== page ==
Featured in Alltop

Featured in Alltop

Tuesday, 14 May 2013

Traditional music? "from today, everything is different"

While deploring all stereotypes, as we should, let's entertain a couple of fairly harmless ones for a minute.



First: the lover of traditional music - celtic folk or Dixie jazz, Chicago blues, calypso etc; and Second: the devotee of new music - urban pop, electronica, indie rock, prog-metal and so on. Obviously to separate them rigidly is artificial; many of us listen to (or even play) music from both categories.

I suspect that, if asked, many people would put lovers of classical music into the first camp. This is understandable: most well-known composers are dead after all. Some have been for centuries. Their music is far from "new", and it smacks of The Establishment more than just about any other art form. Its (professional at least) practitioners come through conservatoires and ivied halls of academe - very foreign planets to most people. How "traditional" can it get?

Well, here's my point: it ain't traditional at all.


Granted, said practitioners undertake rigorous training in established techniques and study historic repertoire. "Established" and "historic" it certainly is. Not the same thing though!

The history of what we call classical music is, more than anything else, the story of innovation.

What's not widely understood is that many of the composers we celebrate today had contemporaries more famous, and often richer, than themselves. And whose work never gets played now, or rarely at least. They were popular in their day because they used genuine talent to produce quality works that people enjoyed. However (to generalise wildly again) their ideas lacked originality.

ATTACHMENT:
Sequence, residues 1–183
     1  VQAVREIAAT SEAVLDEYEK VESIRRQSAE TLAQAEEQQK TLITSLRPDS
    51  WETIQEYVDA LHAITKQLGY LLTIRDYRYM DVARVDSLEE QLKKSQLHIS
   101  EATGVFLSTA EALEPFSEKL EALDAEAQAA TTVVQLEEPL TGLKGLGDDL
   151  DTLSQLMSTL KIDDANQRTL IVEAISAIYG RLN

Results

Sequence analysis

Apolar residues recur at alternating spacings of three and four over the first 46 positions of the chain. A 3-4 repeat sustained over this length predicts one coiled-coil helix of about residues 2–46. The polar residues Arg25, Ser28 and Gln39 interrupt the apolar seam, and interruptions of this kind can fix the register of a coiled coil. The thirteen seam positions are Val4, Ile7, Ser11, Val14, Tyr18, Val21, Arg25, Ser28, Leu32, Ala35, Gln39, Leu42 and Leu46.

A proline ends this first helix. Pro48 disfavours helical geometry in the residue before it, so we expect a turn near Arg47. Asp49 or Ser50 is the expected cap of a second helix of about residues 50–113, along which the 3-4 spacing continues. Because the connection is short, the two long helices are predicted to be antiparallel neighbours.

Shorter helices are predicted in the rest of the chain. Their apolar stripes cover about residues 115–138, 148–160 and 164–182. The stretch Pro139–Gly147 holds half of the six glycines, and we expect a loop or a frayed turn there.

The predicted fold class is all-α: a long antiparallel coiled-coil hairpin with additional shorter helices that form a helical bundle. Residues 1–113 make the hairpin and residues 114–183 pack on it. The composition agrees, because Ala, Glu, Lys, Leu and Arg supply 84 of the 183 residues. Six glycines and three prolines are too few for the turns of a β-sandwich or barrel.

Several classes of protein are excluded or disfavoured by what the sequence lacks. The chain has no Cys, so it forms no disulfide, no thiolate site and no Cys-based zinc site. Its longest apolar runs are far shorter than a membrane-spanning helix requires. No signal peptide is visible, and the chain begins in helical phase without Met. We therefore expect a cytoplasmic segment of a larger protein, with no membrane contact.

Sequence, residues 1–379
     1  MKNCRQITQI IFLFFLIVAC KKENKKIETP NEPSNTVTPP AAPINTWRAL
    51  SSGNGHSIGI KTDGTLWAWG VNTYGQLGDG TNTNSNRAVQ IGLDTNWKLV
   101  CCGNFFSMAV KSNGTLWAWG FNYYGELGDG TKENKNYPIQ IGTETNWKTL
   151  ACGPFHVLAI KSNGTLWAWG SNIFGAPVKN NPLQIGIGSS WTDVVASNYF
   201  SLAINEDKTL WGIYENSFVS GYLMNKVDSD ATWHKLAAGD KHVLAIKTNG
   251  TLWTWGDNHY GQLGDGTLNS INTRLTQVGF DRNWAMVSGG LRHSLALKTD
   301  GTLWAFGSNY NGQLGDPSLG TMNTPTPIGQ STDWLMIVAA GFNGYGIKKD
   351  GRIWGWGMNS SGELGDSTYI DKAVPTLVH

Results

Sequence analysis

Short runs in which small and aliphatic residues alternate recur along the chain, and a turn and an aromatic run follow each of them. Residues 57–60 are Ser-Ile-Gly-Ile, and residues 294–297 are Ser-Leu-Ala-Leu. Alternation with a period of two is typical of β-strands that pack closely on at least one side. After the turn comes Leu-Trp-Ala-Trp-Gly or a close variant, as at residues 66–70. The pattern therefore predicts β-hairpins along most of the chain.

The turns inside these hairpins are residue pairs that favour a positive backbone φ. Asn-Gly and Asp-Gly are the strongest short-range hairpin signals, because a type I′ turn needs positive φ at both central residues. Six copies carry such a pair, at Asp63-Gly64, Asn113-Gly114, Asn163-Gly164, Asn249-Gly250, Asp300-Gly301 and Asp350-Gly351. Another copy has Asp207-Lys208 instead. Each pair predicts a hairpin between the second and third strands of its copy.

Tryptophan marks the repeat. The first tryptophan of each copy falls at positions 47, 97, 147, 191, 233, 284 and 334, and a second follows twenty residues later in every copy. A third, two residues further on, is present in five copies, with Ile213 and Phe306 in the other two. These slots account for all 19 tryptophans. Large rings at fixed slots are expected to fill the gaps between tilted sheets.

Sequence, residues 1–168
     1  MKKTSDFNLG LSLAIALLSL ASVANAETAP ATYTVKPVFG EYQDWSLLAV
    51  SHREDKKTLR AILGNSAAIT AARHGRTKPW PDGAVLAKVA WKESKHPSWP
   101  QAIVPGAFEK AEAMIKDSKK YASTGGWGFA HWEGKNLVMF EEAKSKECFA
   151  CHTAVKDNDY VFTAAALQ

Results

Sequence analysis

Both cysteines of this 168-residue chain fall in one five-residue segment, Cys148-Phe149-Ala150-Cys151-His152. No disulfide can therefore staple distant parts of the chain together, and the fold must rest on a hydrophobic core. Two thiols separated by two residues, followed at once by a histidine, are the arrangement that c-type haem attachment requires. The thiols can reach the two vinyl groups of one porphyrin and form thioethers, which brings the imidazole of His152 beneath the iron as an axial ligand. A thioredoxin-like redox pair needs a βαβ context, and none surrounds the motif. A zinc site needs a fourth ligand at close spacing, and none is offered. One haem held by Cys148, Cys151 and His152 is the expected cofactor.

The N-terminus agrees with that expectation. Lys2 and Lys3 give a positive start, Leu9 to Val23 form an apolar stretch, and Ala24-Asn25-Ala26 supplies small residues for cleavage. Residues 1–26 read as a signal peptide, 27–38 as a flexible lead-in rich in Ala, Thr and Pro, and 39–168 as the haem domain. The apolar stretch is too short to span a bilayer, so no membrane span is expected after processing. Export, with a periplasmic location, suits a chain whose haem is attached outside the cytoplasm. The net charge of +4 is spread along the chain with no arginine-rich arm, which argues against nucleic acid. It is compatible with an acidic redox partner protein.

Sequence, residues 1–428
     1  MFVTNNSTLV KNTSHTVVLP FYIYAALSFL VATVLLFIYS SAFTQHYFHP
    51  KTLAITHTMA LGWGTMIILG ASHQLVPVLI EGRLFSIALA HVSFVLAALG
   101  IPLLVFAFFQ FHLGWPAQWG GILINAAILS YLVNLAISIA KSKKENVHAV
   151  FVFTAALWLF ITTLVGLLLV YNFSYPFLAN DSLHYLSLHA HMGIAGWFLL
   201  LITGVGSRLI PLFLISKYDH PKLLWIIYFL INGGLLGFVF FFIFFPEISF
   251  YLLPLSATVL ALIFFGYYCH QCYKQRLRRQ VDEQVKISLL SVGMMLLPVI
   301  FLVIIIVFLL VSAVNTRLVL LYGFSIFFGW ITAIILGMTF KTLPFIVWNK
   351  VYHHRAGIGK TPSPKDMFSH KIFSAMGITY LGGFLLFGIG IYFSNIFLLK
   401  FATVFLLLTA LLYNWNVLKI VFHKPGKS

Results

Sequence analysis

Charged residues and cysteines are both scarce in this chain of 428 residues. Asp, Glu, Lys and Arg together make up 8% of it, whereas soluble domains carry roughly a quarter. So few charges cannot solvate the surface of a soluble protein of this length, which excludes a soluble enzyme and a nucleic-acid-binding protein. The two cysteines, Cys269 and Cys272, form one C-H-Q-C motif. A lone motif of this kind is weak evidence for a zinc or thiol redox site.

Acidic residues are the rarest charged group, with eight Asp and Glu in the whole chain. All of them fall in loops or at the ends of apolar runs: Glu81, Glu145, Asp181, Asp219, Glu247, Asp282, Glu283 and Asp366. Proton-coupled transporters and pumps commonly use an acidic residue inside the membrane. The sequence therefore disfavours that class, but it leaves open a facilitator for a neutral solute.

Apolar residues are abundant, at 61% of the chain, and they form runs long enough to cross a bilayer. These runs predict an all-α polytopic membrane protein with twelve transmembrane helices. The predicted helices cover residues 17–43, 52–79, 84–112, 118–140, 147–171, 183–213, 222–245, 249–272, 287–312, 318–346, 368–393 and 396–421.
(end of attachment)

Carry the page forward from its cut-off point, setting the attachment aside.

A famous example is Antonio Salieri, highly fictionalised in the film "Amadeus". He enjoyed Europe-wide success as a composer for the stage, and several prestigious appointments, at least two of them in preference to Mozart. This fuelled the myth, very entertainingly dramatised in the film, that he actively sabotaged Mozart's career! Which was famously short, and never lucrative. There's no doubt in anyone's mind now which of the two was the genius of the age.

Fresh and disruptive


What posterity recognises as a masterpiece - and this goes for all the arts - is more than just a supreme example of genre. It must also bring something fresh and often disruptive into the world. After fellow composer Joseph Haydn heard Beethoven's "Eroica" symphony in rehearsal, he said "From today, everything is different". His own music had been condemned as a "racket" by critics of the time. Hard to believe now - to our ears his music is elegant, understated and often humorous. He was a prolific original in his own right, practically inventing the symphony and string quartet, both forms that Beethoven took to new heights.

In short, the composers whose works we still hear today are the innovators, the dangerous revolutionaries and purveyors of noise. The greatest, most familiar works can hold many surprises, especially live in the hands of top musicians. For me, Beethoven contains the most surprises. It can still sound startlingly fresh, and anticipates so much music that came after. His contemporaries found it spiky and uncompromising. He would jab at the keyboard as if it offended him, abusing the top and bottom notes as if trying to shoulder apart its limitations.

It's because of Beethoven that the piano now has more octaves than when he began composing for it! This is Tradition's opposite.